Patel suggests a typical ‘small issue’ as an example: routinely going to social events that one partner is more interested in than the other. It’s one where, instead of a big ultimatum, the exercise benefits from honestly communicating the area of difficulty (“Although I don’t always like to go out in big crowds to socialize…”) and some flexibility on the solution (“I know how important this is to you and how much you enjoy it”). This sets a diplomatic tone, allowing this particular issue to be handled thoughtfully by both parties going forward, and setting an important precedent if and when ‘bigger’ issues are discussed using the same exercise.

The ultimate purpose is to try and identify observable issues in the relationship that have the potential to grow in a negative direction, not to catastrophize about what huge issues may pop up down the road.

In relationship counseling, there are communication tools designed specifically for this kind of exercise. “When working with couples, I utilize the Gottman method,” says Lovallo, referring to the popular approach to couples therapy designed by Drs. John and Julie Gottman, which aims to “take the guesswork out of improving your relationship.”

Lovallo notes that the Gottman method prioritizes active listening and thorough understanding between partners, even during conversations on ‘minor’ issues. “Once partners can understand each other in conversations,” says Lovallo, “then problem-solving can start.”

If you’re worried about exercises that dig into down-the-road conflict may cause both of you to backslide into more combative stances, the experts agree that this is, of course, a possibility, but one that you can sidestep by following certain cardinal rules of conversation.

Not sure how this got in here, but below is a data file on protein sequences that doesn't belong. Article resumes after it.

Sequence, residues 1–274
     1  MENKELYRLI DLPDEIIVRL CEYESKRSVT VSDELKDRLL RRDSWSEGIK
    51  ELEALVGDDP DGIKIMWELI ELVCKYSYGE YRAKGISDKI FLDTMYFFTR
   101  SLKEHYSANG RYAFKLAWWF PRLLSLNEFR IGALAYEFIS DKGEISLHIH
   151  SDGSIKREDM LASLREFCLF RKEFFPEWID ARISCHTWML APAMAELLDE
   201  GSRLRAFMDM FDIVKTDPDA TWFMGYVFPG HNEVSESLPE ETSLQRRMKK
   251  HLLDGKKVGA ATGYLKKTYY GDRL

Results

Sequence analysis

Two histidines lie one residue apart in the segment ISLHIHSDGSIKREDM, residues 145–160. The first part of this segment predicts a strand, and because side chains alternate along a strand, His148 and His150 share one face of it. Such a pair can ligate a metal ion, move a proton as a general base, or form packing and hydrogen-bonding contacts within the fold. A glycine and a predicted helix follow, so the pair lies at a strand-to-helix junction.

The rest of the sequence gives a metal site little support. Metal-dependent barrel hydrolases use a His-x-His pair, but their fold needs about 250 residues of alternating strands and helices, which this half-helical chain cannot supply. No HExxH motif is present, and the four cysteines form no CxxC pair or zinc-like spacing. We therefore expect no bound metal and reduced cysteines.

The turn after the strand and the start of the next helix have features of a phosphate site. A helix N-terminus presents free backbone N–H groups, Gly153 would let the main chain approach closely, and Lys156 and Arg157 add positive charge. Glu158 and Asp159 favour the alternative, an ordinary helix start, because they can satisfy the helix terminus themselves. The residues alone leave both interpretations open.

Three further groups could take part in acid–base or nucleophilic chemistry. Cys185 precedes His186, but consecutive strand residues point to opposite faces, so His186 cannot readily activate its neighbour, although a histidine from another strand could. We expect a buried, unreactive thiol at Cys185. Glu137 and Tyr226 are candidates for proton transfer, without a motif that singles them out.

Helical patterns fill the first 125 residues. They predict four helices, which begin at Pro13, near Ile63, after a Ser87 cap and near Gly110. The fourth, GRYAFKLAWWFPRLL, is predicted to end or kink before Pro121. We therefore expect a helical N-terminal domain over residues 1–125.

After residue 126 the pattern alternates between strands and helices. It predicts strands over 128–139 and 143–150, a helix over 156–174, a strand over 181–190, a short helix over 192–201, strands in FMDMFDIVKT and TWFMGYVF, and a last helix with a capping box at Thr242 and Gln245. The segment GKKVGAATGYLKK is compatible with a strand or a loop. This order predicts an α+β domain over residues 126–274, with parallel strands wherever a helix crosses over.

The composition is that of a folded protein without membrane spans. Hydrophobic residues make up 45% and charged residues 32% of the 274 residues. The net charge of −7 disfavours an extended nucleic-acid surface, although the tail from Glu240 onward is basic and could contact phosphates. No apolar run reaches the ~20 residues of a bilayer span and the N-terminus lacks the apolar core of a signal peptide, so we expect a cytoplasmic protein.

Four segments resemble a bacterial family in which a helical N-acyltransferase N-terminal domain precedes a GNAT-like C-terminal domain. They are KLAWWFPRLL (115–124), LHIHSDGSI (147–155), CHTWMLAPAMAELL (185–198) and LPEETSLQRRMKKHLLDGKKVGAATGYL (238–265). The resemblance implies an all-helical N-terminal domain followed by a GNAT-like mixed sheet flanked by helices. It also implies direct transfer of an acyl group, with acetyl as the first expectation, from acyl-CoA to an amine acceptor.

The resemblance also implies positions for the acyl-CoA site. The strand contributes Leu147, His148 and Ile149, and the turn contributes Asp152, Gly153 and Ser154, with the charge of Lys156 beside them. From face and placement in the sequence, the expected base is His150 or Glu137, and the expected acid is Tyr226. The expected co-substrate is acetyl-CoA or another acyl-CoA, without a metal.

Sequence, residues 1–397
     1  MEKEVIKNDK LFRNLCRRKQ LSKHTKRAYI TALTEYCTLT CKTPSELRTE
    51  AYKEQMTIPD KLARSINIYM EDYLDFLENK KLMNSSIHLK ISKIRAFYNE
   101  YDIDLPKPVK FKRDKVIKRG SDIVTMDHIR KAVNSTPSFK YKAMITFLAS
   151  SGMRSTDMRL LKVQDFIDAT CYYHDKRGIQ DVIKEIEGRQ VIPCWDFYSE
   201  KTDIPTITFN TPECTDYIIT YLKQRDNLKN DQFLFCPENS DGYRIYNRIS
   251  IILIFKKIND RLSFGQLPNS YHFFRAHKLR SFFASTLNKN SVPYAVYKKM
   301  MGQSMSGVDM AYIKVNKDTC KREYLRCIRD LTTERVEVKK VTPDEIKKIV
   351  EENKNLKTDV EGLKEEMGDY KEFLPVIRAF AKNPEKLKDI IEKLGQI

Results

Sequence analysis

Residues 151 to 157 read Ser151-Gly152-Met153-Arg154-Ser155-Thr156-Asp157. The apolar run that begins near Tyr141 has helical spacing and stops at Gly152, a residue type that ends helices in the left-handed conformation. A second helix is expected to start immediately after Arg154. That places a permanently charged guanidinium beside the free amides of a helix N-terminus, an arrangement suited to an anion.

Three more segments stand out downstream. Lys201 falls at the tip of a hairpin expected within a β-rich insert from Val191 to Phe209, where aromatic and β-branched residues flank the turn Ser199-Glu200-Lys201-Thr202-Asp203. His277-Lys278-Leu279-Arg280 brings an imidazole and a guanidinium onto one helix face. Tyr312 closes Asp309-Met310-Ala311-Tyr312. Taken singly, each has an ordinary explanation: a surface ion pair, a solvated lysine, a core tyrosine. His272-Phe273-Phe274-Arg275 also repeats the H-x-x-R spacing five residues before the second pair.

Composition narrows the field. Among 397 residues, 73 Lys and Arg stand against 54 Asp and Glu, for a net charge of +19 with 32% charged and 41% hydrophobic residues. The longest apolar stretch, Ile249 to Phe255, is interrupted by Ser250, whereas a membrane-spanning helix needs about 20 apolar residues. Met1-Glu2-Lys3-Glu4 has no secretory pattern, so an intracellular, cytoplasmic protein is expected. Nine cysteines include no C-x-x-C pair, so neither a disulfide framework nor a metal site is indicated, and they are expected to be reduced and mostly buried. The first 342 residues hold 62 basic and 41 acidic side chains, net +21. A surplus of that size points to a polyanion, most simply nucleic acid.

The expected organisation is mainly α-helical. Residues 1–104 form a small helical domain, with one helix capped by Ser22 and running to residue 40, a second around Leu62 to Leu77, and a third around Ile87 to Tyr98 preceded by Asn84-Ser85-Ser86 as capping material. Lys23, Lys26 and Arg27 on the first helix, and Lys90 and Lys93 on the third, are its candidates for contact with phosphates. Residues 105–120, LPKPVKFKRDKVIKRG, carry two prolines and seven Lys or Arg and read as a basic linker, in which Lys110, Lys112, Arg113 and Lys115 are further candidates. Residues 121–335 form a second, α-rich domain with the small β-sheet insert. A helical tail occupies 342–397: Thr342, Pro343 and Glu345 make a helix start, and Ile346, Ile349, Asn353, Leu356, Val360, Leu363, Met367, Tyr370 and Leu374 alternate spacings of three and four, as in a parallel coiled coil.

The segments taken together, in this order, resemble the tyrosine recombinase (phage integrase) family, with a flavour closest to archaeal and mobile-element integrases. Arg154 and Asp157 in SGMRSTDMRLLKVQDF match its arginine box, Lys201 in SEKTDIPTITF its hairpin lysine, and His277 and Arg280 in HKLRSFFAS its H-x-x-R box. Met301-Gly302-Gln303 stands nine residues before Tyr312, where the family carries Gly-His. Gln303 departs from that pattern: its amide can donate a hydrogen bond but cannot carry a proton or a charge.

“All conversations in a relationship should be respectful,” says Intelligator. “Each partner should listen to what the other says and take the other’s words at face value. Hear what your partner is saying, rather than hearing what you want to hear.” She adds that you should be taking pains to avoid “insults, emotional knee-jerk reactions that are not rooted in careful thought and consideration, and attacks.”

Eli Weinstein, LCSW, agrees that the parameters of this conversation need to be thoughtfully constructed to make it the most productive exercise possible.

“I think it’s a wonderful tool to open concerns and worries that might come,” he says “but the key word is ‘might.’ We can’t plan for every situation, so I think a better conversation is: What are the current issues that you see?”

It’s a worthwhile reminder: the ultimate purpose is to try and identify observable issues in the relationship that have the potential to grow in a negative direction, not to catastrophize about what huge issues may pop up down the road, and not to unload bottled-up resentments onto your partner. Stay in the present with an eye towards the future.

“Just be careful to help walk and shape the answers and responses to be a safe conversation and not a ‘dump on each other’ conversation,” says Weinstein.

Naturally, some relationships have trouble spots that are endemic to that relationship. Consequently: some relationships end. But Intelligator notes that many trouble spots do not have to be ‘fundamental’ issues in a relationship.

“They can and should be worked through,” she says. “Addressing them early on in the relationship will contribute to its health and growth.” Or, as Flores phrased it: “better for there to be a little bit [of] heat now to avoid something on fire later on.”